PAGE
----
Preaching Needed Proclaiming the Word Of The Triune God, II Corinthians 4:1-6, Dr. Jeffrey A. Stivason. Dr. Stivason opened his presentation with the question, “What does the world need? The audience answered that the world needs the Gospel. He agreed with this answer but qualified it by saying the world needs to hear the Gospel through preaching as described in our Larger Catechism question 155. Words describing the preacher’s task used in that catechism answer are “enlightening, convincing, humbling, driving them out of themselves, drawing them, conforming, subduing, strengthening, building up, establishing”. This kind of preaching was emphasized and zealously proclaimed by Dr. Stivason as he exegeted parts of II Corinthians 3 and 4. He concluded by stating that the ministry is a wearisome task, that only the Spirit can lift the veil and that our ministries must be bathed in prayer.
Calvin Calvin On The Spirit Bearing Witness By And With The Word In Our Hearts, Dr. Richard C. Gamble. Dr. Gamble gave us a rich summary of some of Calvin’s teachings on the means of grace and the Trinity. Helpful was his comment that the means of grace in the church is organic, not formulated. We have a Directory of Worship, not a liturgy. Calvin taught that a preacher is a minister of the Spirit, a representation of God’s presence (he comes near),an ambassador (he speaks for God) and his preaching is used as a tool by God as the Spirit works it.
We Need Preachers! Why? Because we have a Scarcity of Holy-Spirit proclaimed preaching. The First Degree Of Necessity: Turretin On the Spirit’s Work In Preaching, Dr. Barry J. York. We learned about this Swiss-Italian and his understanding of the Spirit’s work in preaching. Turretin said that most importantly, preaching was the essential sign of a true church. In his Institutes, he wrote that salvation can’t be obtained except through communion with the true church. The presentation concluded with the reminder that though we like to see immediate results, preaching is like planting a garden. We preach by faith for the Spirit’s inner working in hearts.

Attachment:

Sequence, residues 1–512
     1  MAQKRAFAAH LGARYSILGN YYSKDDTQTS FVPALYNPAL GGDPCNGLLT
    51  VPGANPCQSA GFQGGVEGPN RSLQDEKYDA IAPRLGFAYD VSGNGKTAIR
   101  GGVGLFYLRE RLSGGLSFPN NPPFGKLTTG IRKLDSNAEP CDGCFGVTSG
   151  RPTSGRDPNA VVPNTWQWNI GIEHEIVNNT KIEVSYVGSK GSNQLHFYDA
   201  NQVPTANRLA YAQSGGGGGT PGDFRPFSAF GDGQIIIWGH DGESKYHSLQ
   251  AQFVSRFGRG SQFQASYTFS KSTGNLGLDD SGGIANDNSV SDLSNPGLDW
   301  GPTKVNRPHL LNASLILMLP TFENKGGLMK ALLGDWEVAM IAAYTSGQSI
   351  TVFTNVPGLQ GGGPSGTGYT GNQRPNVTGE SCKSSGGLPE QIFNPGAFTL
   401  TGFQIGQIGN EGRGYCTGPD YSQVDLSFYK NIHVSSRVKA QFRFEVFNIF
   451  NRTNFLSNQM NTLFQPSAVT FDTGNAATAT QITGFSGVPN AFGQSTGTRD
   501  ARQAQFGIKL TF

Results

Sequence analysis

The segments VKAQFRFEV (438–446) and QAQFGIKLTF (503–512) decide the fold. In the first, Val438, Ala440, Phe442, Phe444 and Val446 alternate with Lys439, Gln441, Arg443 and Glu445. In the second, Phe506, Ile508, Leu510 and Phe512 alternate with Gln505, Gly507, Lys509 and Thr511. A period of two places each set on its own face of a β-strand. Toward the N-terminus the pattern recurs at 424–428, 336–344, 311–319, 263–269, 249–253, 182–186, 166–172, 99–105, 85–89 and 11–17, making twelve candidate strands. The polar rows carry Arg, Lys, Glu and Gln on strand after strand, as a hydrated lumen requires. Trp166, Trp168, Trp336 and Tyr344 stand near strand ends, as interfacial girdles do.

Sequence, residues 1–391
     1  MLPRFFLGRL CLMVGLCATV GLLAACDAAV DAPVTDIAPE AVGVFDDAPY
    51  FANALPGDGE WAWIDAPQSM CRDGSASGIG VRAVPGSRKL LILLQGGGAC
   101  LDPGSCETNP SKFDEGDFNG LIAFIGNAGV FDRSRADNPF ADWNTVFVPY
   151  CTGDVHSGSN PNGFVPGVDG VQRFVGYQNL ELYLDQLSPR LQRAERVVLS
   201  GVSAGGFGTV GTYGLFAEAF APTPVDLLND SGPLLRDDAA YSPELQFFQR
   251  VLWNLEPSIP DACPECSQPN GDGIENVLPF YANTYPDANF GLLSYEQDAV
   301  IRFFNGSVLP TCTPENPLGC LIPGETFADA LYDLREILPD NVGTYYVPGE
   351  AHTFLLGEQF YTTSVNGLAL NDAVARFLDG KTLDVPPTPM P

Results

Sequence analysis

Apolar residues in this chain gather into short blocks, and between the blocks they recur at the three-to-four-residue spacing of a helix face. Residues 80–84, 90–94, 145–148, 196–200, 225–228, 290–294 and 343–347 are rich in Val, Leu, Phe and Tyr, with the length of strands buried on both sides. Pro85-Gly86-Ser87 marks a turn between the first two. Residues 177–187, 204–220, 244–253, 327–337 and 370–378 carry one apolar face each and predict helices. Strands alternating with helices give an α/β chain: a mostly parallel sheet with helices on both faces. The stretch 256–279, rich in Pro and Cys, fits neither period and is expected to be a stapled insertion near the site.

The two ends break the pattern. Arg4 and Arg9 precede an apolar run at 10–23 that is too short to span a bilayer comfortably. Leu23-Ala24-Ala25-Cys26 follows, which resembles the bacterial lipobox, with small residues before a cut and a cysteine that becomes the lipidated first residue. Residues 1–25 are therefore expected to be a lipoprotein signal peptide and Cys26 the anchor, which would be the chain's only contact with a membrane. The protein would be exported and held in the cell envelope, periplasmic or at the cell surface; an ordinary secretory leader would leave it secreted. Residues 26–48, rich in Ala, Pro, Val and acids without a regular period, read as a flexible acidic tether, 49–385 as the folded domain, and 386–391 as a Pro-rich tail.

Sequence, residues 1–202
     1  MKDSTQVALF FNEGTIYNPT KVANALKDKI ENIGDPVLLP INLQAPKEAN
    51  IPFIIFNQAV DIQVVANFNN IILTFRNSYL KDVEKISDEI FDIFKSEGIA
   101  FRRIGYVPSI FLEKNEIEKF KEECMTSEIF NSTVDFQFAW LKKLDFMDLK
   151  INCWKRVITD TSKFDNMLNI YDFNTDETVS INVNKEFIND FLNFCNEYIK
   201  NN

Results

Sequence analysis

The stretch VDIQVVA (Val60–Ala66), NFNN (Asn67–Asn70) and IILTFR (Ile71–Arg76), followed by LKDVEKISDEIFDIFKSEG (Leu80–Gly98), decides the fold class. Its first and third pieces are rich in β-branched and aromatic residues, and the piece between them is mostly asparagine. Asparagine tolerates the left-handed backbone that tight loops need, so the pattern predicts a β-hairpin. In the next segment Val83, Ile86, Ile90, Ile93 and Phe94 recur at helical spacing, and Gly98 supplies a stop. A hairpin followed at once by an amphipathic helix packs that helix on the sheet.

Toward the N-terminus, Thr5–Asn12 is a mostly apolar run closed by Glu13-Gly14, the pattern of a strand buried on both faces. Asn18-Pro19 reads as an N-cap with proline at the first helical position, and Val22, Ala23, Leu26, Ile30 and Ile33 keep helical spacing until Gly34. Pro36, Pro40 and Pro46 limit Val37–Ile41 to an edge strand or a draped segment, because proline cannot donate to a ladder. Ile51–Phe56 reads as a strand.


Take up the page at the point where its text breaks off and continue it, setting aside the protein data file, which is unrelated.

Diligent Bible Study is the Linchpin of Vital Christianity. Wariston On The Word: Lessons On The Use and Abuse Of Scripture From The Diary Of A Covenanter , Dr. David G. Whitla. We couldn’t get Dr. Whitla to lapse into a “real” Scottish brogue reading fifteenth century Warriston, but we tried! Practical takeaways from this lecture were to follow Wariston’s example of keeping a Bible journal of notes and memorizations, praying through a text, and inserting our own name into Scripture verses. Dr. Whitla also pointed out Warriston’s abuses of Scriptures. We were cautioned not to creatively assign to ourselves a forced re-interpretation of God’s Word and not to confuse illumination with inspiration. Also, we must remember that the Holy Spirit does not testify to anything but the Word. We must not read the Word as a personal oracle. Inspiration is an already revealed truth—there is nothing new!